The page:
their membership, who provide all their funding:

"Any U.S. company that manufactures pulp, paper, or solid wood products is eligible to apply for membership in NCASI, as are companies that own or manage industrial timberlands. Currently, NCASI's U.S. Membership numbers approximately 75 companies, which represent more than 90% of the paper and paperboard produced, nearly 70% of the wood panels produced, and more than half of industrial timberland acreage in the U.S."

cary bertoncini
(cbert) - F

Locale: N. California
Dr. Pielke is solid on 05/07/2009 13:07:37 MDT Print View

some of his other conclusions:

"the evidence of a human fingerprint on the global and regional climate is incontrovertible as clearly illustrated in the National Research Council report and in our research papers (e.g. see http://climatesci.org/publications/pdf/R-258.pdf)."

"Humans are significantly altering the global climate, but in a variety of diverse ways beyond the radiative effect of carbon dioxide. The IPCC assessments have been too conservative in recognizing the importance of these human climate forcings as they alter regional and global climate. These assessments have also not communicated the inability of the models to accurately forecast the spread of possibilities of future climate. The forecasts, therefore, do not provide any skill in quantifying the impact of different mitigation strategies on the actual climate response that would occur. [3]"

Rick Dreher
(halfturbo) - MLife

Locale: Northernish California
Re: Dr. Pielke is solid on 05/07/2009 14:05:01 MDT Print View

Hi Cary,

As you're in California, you might be interested in this (draft) report on our future water supply. It's quite the read.

http://tinyurl.com/cpumga

As to further interactions with Mr. T, I can only cite Jonathan Swift:

“It is useless to attempt to reason a man out of a thing he was never reasoned into.”

Best regards,

Rick

Rog Tallbloke
(tallbloke) - F

Locale: DON'T LOOK DOWN!!
Re: trend of less ice on 05/07/2009 14:18:42 MDT Print View

Cary says:

there is considerably less ice now than there was 10 years ago

there was considerably less ice 10 years ago than there was 20 years ago

there was considerably less ice 20 years ago than there was 100 years ago

there was considerably less ice 100 years ago than there was 300 years ago

But he provides no data to back up these assertions.

> their models still point to increased melting inside of 100 years & significant melting fairly fast, but the timeline is under question - not enough physics in the models yet.

Indeed, as Roger Pielke Sr points out.

I agree with what you say about pollution, but don't agree that carbon dioxide is a pollutant. It's close to a 500 million year low and the trees would like more of it.

Rog Tallbloke
(tallbloke) - F

Locale: DON'T LOOK DOWN!!
Re: Re: Dr. Pielke is solid on 05/07/2009 14:23:11 MDT Print View

> As to further interactions with Mr. T, I can only cite Jonathan Swift

Jackboots fitting a little tightly today Rick? ;-)

Here's another couple of Jonathon Swift quotes for you:

"Censure is the tax a man pays to the public for being eminent."

"A man should never be ashamed to own that he has been in the wrong, which is but saying... that he is wiser today than yesterday."

Rog Tallbloke
(tallbloke) - F

Locale: DON'T LOOK DOWN!!
Re: national council for air & stream improvement on 05/07/2009 14:30:09 MDT Print View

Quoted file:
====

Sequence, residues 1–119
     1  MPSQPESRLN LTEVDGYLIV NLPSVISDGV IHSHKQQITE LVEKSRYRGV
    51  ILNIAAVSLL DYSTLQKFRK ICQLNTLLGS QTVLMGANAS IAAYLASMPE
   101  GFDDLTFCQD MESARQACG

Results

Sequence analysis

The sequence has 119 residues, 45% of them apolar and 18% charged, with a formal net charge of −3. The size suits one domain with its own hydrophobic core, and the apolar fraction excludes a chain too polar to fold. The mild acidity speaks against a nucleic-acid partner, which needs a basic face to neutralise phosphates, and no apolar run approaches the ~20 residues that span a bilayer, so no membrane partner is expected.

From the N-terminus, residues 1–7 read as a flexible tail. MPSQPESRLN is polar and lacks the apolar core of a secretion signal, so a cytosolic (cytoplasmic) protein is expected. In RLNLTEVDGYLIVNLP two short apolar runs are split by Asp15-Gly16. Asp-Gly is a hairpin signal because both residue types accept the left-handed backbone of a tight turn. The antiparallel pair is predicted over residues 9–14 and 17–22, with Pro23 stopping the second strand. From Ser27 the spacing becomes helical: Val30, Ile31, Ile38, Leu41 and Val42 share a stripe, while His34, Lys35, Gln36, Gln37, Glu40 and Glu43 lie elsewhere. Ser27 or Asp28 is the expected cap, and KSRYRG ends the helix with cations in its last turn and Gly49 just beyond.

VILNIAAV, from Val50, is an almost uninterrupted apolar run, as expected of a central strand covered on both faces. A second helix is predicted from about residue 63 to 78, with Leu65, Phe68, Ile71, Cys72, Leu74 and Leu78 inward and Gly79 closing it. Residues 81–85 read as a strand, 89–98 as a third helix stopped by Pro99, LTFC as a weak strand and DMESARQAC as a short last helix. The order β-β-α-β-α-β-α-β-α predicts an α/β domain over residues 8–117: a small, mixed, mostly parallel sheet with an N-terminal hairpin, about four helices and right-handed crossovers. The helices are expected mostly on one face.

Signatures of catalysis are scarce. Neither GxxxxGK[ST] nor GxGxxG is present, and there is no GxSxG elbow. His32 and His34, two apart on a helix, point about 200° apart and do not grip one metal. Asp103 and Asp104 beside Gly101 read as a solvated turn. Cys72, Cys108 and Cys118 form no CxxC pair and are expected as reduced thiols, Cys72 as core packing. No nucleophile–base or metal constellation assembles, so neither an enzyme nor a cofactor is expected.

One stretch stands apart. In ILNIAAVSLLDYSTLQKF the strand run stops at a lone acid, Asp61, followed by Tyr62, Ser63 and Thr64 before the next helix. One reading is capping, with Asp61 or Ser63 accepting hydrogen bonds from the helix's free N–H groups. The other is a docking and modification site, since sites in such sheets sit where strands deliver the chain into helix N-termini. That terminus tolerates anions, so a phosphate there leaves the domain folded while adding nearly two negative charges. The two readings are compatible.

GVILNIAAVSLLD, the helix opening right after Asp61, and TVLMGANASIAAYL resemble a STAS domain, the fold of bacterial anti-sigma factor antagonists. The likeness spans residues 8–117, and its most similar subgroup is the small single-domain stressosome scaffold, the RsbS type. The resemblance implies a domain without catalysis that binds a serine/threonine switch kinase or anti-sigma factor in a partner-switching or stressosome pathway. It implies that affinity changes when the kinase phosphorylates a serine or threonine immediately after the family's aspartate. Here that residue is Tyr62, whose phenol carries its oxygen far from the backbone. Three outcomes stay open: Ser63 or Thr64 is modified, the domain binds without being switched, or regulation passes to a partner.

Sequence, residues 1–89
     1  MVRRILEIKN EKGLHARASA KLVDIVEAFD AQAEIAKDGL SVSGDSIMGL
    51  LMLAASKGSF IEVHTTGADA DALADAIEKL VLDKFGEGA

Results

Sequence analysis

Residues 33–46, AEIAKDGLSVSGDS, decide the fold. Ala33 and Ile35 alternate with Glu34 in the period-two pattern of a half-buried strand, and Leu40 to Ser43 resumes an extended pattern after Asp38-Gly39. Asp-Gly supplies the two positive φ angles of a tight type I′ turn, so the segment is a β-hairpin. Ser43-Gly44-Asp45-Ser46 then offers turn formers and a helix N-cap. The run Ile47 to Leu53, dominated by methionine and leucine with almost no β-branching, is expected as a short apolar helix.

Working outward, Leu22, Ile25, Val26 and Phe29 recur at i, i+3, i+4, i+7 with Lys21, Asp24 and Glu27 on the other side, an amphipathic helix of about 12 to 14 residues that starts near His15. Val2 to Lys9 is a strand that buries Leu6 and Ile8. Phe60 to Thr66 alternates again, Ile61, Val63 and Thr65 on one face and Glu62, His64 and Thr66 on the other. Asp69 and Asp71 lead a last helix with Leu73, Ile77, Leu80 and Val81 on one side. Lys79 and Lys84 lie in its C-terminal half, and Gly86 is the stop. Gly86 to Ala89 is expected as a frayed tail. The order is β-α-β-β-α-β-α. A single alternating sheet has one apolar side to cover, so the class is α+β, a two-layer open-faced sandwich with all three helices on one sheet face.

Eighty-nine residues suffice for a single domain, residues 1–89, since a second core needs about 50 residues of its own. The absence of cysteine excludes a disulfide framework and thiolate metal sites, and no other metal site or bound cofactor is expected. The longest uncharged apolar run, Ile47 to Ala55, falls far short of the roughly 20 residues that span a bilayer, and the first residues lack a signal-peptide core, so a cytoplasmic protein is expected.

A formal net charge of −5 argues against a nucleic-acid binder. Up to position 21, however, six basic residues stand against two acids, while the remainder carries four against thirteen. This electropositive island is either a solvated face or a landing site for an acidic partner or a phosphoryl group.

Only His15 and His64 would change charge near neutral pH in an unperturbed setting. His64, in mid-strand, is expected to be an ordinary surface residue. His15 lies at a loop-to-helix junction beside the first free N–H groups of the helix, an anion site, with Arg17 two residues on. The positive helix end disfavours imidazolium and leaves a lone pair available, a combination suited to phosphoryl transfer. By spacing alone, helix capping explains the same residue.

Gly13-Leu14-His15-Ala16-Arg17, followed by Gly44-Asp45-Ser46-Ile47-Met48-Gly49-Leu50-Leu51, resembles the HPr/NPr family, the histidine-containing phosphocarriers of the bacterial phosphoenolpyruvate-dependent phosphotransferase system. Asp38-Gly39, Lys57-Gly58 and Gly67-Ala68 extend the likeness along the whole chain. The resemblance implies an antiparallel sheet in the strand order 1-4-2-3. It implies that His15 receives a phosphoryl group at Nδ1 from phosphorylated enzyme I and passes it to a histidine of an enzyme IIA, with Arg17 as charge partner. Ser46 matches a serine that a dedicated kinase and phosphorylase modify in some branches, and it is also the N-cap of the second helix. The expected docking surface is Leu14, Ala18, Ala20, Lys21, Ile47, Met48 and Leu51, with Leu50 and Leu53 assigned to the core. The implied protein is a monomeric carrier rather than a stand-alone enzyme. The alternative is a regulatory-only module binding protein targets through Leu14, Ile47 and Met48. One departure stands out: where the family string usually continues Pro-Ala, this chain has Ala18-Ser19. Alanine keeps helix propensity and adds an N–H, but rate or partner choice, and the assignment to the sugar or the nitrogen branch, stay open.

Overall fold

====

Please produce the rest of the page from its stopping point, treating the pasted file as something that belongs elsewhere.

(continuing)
> is a timber industry tool, heavily biased towards pro growth & development.

Are you accusing Craig Loehle of being a dishonest scientist?

Do you think similarly of the scientists in the pay of the multi-million dollar global warming industry?

cary bertoncini
(cbert) - F

Locale: N. California
Swift is great on 05/07/2009 14:31:39 MDT Print View

even though he was such a barbarian as to eat out of the narrow end of an egg...

thanks for the link/pdf - checking it out

california is in a heap of trouble i think (haven't read your link yet)

i had a grad seminar on swift, during which a french source (inspiration) for gulliver's travels came up - apparently a few years prior, some french guy was trying to present his completely made-up book as genuine travel biography, replete with descriptions of strange flora, fauna, natives, etc. (can't remember the name off hand). anyway, i became almost obsessed with finding a copy of this obscure text from the 1700s - found a copy for i think $100 or so at a rare book store in England & had it shipped over. Surprised my professor with it as a gift after the class was over (he insisted on paying for it, which was actually a good thing, since i was a poor student).

cary bertoncini
(cbert) - F

Locale: N. California
i think he's doing what he is paid to do: on 05/07/2009 14:37:49 MDT Print View

present data as favorably as possible for his organization's position and refute data that is unfavorable to his organization's position

most of the scientists i've read are not attached to a particular industry - they work for universities & government organizations, but i'm sure some if not all of them have pressures at times to support or denounce certain positions

while i assume all science is corrupted to some degree, i see it as a question of relativity & i trust data and analysis relatively more from non-business funded science

Rog Tallbloke
(tallbloke) - F

Locale: DON'T LOOK DOWN!!
Re: i think he's doing what he is paid to do: on 05/07/2009 15:00:44 MDT Print View

Fair enough, but you should take a closer look at the way science works at the universities. For example Stanford. The senior climate research professors their are on regular world tours promoting the cause.
Stephen Schneider is on record as saying to a conference full of young climatologists:

"We need to get some broad based support,
to capture the public's imagination...
So we have to offer up scary scenarios,
make simplified, dramatic statements
and make little mention of any doubts...
Each of us has to decide what the right balance
is between being effective and being honest."

Ashley Brown
(ashleyb) - F
Re: Re: i think he's doing what he is paid to do: on 05/07/2009 18:04:39 MDT Print View

> Stephen Schneider is on record as saying to a conference full of young climatologists